'A Feminist Manifesto in Fifteen Suggestions' is a breath of fresh air

Saturday, April 29, 2017 - 2:07pm
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“Dear Ijeawele, or A Feminist Manifesto in Fifteen Suggestions”

Chimamanda Ngozi Adichie

Alfred A. Knopf, Inc.

March 7, 2017

It’s hard writing about feminism in 2017. The problem is mostly over-saturation, with the daily inundation of think pieces each promising a sharper takedown than the last. As feminism occupies a broader and more dominant space in mainstream media, it gets harder to come to any kind of consensus (that’s not to say that consensus is necessarily the goal of feminist conversations, but its complete absence in modern discourse is noticeable, to say the least). The audiences are just too wide to satisfy completely, to the point that almost any kind of declarative statements about what feminism is or isn’t feels inherently flawed by design. And yet, every once in awhile, a piece of writing comes along that carefully navigates this mess with grace.

When a childhood friend asked Chimamanda Ngozi Adichie if she had any advice about how to raise her soon-to-be-born daughter in a feminist way, Adichie realized her response couldn’t be contained in a letter. So instead she wrote “Dear Ijeawele, or a Feminist Manifesto in Fifteen Suggestions.” It’s a slim and simple book only 80 pages long, written in clear, easily-digestible prose — and it’s absolutely lovely.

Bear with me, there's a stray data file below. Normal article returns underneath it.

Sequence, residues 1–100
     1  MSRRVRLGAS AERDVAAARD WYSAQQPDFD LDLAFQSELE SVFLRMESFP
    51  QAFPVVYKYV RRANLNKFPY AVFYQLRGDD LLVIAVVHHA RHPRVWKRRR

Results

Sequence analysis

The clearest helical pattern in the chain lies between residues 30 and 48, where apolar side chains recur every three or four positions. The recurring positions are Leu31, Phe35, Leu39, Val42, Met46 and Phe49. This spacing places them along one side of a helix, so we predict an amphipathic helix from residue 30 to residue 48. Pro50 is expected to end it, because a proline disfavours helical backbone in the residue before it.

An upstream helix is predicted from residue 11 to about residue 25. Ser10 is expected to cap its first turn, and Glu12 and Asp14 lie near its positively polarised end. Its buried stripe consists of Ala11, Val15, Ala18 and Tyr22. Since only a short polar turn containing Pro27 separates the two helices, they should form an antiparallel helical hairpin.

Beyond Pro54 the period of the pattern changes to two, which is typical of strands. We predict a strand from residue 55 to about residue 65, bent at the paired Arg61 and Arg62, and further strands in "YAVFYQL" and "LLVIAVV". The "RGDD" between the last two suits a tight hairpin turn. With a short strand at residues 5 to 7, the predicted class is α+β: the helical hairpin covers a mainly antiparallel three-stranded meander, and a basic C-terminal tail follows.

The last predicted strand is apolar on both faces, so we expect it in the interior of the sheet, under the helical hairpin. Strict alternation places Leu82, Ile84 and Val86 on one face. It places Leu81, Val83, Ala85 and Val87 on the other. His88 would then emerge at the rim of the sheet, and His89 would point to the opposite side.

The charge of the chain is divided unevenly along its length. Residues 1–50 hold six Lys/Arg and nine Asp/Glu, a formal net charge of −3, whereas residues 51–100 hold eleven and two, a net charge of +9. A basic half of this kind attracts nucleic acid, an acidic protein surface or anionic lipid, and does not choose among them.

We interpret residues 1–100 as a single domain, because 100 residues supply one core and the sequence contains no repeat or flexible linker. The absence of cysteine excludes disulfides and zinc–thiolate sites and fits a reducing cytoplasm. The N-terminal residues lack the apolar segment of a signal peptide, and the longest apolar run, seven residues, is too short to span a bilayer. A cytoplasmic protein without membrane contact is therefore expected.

We can characterize the book by what it’s not. It’s free of the buzzwords that dominate similar conversations on the internet, references to modern pop culture, or any real definitions of feminism at all. It’s not about feminist theory, or about the intricate nuances of injustice. It’s not a rallying cry and it doesn’t exactly introduce anything new. But Adichie’s book doesn’t need to be any of those things, because not every discussion of feminism needs to encompass all its parts. It’s okay, every once in a while, to paint in broad strokes.

Adichie’s suggestions range from what kinds of toys to buy (blocks and trains so she learns to love creating things, dolls if she wants them) to how to have honest conversations about sex (start early). She urges the teaching of inequality and privilege. She advocates cultivating a strong sense of identity, grounded in culture and self-respect. Adichie wants future generations of daughters to be “full of opinions,” proud and honest, able to confront and challenge the harsh realities of the world and maintain their sense of self in the process. Teach them to love reading, to ask questions, to be self-reliant and to love fully and kindly.

It would have been easy for Adichie to turn this book into a laundry list of the world’s injustices, but it’s not that. Instead, she keeps her focus small and intently personal. Her suggestions deal with the question of how women, particularly women of color, can live productively and well in a world that’s often cruel and stacked against them. “Measure her on a scale of being the best version of herself,” she writes with a sense of wholehearted optimism that permeates the book. It’s grounded in the realities of the world, of course, but it looks mostly at ways to create a better future.

Adichie suggests mostly that we start small, and cultivate a sense of strength and hope in the people around us. In writing this book, she’s done just that for her readers. “May she be happy and healthy,” she writes. “May her life be whatever she wants it to be.”